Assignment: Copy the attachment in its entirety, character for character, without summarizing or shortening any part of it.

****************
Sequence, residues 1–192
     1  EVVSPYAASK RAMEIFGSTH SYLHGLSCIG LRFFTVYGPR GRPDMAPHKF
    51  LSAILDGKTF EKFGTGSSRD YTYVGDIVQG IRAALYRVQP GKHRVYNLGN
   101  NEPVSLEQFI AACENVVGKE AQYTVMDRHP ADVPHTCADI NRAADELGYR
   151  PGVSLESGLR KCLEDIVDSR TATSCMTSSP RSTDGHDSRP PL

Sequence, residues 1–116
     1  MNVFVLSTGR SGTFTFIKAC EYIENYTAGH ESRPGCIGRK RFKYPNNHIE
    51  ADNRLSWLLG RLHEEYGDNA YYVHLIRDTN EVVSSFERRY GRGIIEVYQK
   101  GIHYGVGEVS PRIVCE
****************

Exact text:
Sequence, residues 1–192
     1  EVVSPYAASK RAMEIFGSTH SYLHGLSCIG LRFFTVYGPR GRPDMAPHKF
    51  LSAILDGKTF EKFGTGSSRD YTYVGDIVQG IRAALYRVQP GKHRVYNLGN
   101  NEPVSLEQFI AACENVVGKE AQYTVMDRHP ADVPHTCADI NRAADELGYR
   151  PGVSLESGLR KCLEDIVDSR TATSCMTSSP RSTDGHDSRP PL

Sequence, residues 1–116
     1  MNVFVLSTGR SGTFTFIKAC EYIENYTAGH ESRPGCIGRK RFKYPNNHIE
    51  ADNRLSWLLG RLHEEYGDNA YYVHLIRDTN EVVSSFERRY GRGIIEVYQK
   101  GIHYGVGEVS PRIVCE